Scorching-Hot Mercury Has a Surprisingly Icy North Pole

Mercury North Pole Craters
1. The pockmarked terrain of Mercury’s north pole harbors much more ice than scientists had expected. (Image credit: Head lab/ Brown University)

Mercury has much more ice scattered across its north pole than previously thought, new research suggests — both inside craters as well as in shadowed terrain between them. The small deposits add to a significant amount of previously unrecognized water ice, researchers said in a statement.

Mercury may seem like a surprising place to find ice: Although nights can get as cold as minus 275 degrees Fahrenheit (minus 170 degrees Celsius), temperatures can soar to 840 degrees F (450 degrees C) during the day. This is more than hot enough to boil away any water on the surface.

But Mercury's axis has very little tilt, so its polar regions don't receive much direct sunlight. This keeps the floor of some of its polar craters in perpetual shadow, researchers said in the statement. Mercury also has almost no atmosphere to hold in ambient heat, so the temperatures in these craters stay low enough for water to remain frozen. [Water Ice on Mercury: How It Stays Frozen (Infographic)]

The idea that Mercury may have water ice emerged in the 1990s when Earth-based telescopes first detected highly reflective regions at the planet's poles, researchers said in the statement. The hypothesis was verified in late 2012 by NASA's MESSENGER probe, which had entered Mercury's orbit in 2011. After a successful mission, the spacecraft deorbited in April 2015, crashing into the planet's surface. But the wealth of information it provided is still fueling research today.

In the new study, researchers from Brown University combed through old data from the MESSENGER spacecraft. They took advantage of readings from the orbiter's laser altimeter, which is generally used to determine map elevation, but also measures surface reflectivity, the researchers said in the statement.

They found evidence of ice in three large craters that had been measured at an oblique angle, rather than straight down. Ariel Deutsch, the study's lead author and a planetary scientist at Brown University, estimates that these deposits may account for an additional 1,313 square miles (3,400 square kilometers) of ice. That's a quarter larger than the state of Rhode Island.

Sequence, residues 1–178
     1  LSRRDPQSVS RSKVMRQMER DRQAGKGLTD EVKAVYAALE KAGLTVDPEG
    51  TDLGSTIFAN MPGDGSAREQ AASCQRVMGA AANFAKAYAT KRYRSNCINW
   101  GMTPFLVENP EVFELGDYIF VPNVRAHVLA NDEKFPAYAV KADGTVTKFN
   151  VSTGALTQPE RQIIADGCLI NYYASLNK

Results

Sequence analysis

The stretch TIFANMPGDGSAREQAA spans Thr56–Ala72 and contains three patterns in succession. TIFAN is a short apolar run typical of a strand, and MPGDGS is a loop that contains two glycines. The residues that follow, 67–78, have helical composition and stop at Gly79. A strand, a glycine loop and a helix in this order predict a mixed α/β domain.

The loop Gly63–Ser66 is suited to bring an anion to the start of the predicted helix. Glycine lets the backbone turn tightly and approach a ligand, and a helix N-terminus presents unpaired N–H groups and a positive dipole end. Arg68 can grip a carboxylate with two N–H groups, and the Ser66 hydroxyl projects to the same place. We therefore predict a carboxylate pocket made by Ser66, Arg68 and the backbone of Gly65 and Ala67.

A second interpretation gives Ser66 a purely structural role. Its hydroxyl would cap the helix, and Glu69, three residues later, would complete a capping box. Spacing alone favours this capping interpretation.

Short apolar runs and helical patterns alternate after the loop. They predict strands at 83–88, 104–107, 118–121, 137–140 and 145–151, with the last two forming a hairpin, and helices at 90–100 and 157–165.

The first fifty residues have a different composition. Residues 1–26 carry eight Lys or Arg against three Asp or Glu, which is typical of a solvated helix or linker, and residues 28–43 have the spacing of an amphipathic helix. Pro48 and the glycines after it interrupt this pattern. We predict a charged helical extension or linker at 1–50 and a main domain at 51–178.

The small-scale deposits scattered between the craters could add even more, though, the researchers said. Scientists believe the moon hosts similar ice deposits near its poles, and research models suggest that these deposits could roughly double the amount of lunar surface that could harbor ice.

"The assumption has been that surface ice on Mercury exists predominantly in large craters, but we show evidence for these smaller-scale deposits as well," Deutsch said in the statement. "Adding these small-scale deposits to the large deposits within craters adds significantly to the surface ice inventory on Mercury."

Scientists are still uncertain how water arrived on Mercury. According to the statement, their best hypothesis right now is that it was delivered by water-rich comet and asteroid impacts. Another idea is that hydrogen supplied by the solar wind combined with oxygen on the planet's surface to form water. These are some of the topics the researchers hope to investigate further.

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Harrison Tasoff
Former Contributing Writer

Harrison Tasoff is a science journalist originally from Los Angeles. He graduated from NYU’s Science, Health, and Environmental Reporting Program after earning his B.A. in mathematics at Swarthmore College. Harrison covers an array of subjects, but often finds himself drawn to physics, ecology, and earth science stories. In his spare time, he enjoys tidepooling, mineral collecting, and tending native plants.